Brazilian Political Corruption rooted at the Core
The fraudulent house of cards is being shaken with scandal after scandal.
While Luíz Inácio ‘Lula’ da Silva stealthly rents out private jets to travel to Italy, his co-horts are captured and imprisoned for money laundering, bribery and other forms of corruption.
Last week we reported how the Brazilian Federal Police had arrested former minister José Dirceu. He was one of the most influential men in the government of former President Luíz Inácio ‘Lula’ da Silva.
Previous to that report, we wrote about former president and current senator Fernando Collor de Mello, being investigated by the Federal Police in relation to Operation ‘Lava Jato’, which investigated corruption activities at Brazilian oil giant Petrobras.
In other reports, we have informed about how ‘Lula’ himself is on the eye of the beholder for possible involvement in similar activities.
Since the current investigations began, there is a popular belief that August is going to be a month of bad omen, and the fact is that it is not likely to be the best for President Dilma Rousseff: a rebellion in Congress, new protests planned for the 16th and difficulties with the economy, which is at its worst result in 25 years, threaten to turn this month into a nightmare for the political class.
At the local level, many cities are seeing public servants go on strike because government has not paid their salaries, or has offered to pay them in installments. Even police went on strike, leaving Brazilians at the mercy of numerous criminal gangs that have taken advantage of the lack of policing to rob train passengers, break into homes, and sell drugs even more freely than before.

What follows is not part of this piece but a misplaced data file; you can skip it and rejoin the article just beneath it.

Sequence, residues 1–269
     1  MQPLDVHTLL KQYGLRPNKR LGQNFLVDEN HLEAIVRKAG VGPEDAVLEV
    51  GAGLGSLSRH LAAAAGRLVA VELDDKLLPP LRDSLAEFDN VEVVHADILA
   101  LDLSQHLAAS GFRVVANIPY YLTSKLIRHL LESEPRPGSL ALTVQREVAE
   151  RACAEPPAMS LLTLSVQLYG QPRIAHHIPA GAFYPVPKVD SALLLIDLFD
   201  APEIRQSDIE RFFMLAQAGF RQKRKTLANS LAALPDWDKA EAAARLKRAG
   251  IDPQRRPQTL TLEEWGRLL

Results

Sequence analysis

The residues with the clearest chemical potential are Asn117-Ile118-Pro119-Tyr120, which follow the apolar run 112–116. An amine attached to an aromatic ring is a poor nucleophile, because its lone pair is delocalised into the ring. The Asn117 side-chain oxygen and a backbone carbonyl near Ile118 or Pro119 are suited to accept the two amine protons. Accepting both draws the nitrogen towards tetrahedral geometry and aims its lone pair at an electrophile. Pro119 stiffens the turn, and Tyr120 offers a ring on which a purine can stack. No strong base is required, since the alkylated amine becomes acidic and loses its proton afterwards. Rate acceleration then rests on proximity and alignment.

This week’s scenario was aggravated by the reaction that came from the arrest of José Dirceu, the former minister of and one of the founders of the Worker’s Party (PT). Dirceu was accused of being one of the leaders of the plot of corruption in Petrobras.
Despite there being no direct link with Rousseff, the arrest of Dirceu has only thrown more fuel to the desire of the opposition to impeach the president, which was reflected in the markets.
On Tuesday, for the fourth consecutive day, the real fell against the dollar, reaching the lowest level in recent times. Right now, one real is worth 0.29 cents of a dollar and 0326 cents of a euro.
Rousseff reacted trying to disassociate her government from the arrest and sent out a message to try to shield the economy from the political turmoil.
Her ministers took turns in issuing statements to the press to minimize the effect of having the iconic former president of PT behind bars again.
Three years ago, Dirceu was convicted in the Mensalão case, a corrupt plot to transfer money to parliamentarians that stained the history of the PT.
Now, those responsible for the mega investigation at Petrobras, accuse Dirceu of maintaining and expanding the same strategy that was used in the Mensalão to launder money in the Petrobras scandal.
“We need to maintain two parallel channels. The first is the investigation, which will continue. The other is to try to improve the climate for investors and stimulate the economy itself so it grows,” said on Monday Jacques Wagner, one of the chief ministers of the PT, currently responsible for the Defense Department.
The message of the minister is not trivial. The Government is concerned about the economic impact of the investigation.
A week ago, the Executive estimated that the mega scandal, involving major construction companies in Brazil and Latin America, has already caused a negative impact of 1% of GDP this year.
In addition, the president, has an all time low approval of 10% while facing a tide of bad news, with runaway inflation and low consumer confidence.
On the political front, the main battle is played in Congress. The president of the Chamber of Deputies, Eduardo Cunha, also investigated in the operation, had already announced his break up with the government, despite being part of the Brazilian Democratic Movement Party (PMDB), the main ally of the PT.
Cunha warned that he would make life difficult for Rousseff in the second half of the year, a time when the House may be decisive for the current movement to impeach Dilma.
“The arrest of Dirceu was the spark. What is really the goal right now? To Cunha and Aécio Neves, leader of the PSDB, the goal is to get to Rousseff.
For most of the opposition, the goal is Lula, who has said he might be interested in running for the presidency in 2018.
The development of this crisis and the chances that Rousseff remains in power depend on the current investigation.
In Brasilia people expect that Cunha will be formally accused for alleged links to the Perobras scandal. If this happens, it will be a new twist in the plot, this time to the relief of the president.